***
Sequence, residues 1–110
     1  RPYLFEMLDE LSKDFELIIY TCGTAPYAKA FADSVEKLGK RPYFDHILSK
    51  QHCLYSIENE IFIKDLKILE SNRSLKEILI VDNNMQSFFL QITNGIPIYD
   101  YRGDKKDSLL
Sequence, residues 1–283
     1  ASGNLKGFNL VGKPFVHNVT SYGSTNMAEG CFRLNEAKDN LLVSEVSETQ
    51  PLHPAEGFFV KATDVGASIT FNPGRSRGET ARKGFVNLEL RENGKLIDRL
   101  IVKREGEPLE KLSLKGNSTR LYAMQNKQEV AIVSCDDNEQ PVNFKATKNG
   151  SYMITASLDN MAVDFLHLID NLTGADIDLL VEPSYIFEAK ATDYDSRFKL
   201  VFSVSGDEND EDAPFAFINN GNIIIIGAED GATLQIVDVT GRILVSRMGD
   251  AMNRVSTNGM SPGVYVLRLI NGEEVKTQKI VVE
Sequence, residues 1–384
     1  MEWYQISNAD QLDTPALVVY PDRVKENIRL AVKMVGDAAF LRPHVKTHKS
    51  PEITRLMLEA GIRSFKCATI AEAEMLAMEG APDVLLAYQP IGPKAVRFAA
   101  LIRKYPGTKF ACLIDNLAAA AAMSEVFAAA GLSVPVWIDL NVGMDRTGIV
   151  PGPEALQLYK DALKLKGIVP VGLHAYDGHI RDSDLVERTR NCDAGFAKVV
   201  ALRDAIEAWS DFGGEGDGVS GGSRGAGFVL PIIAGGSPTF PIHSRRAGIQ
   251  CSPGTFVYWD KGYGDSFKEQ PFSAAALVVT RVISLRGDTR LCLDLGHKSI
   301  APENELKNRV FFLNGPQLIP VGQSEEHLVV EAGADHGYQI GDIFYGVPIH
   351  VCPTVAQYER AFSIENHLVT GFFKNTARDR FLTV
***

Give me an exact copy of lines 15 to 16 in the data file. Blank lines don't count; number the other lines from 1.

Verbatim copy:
   101  LIRKYPGTKF ACLIDNLAAA AAMSEVFAAA GLSVPVWIDL NVGMDRTGIV
   151  PGPEALQLYK DALKLKGIVP VGLHAYDGHI RDSDLVERTR NCDAGFAKVV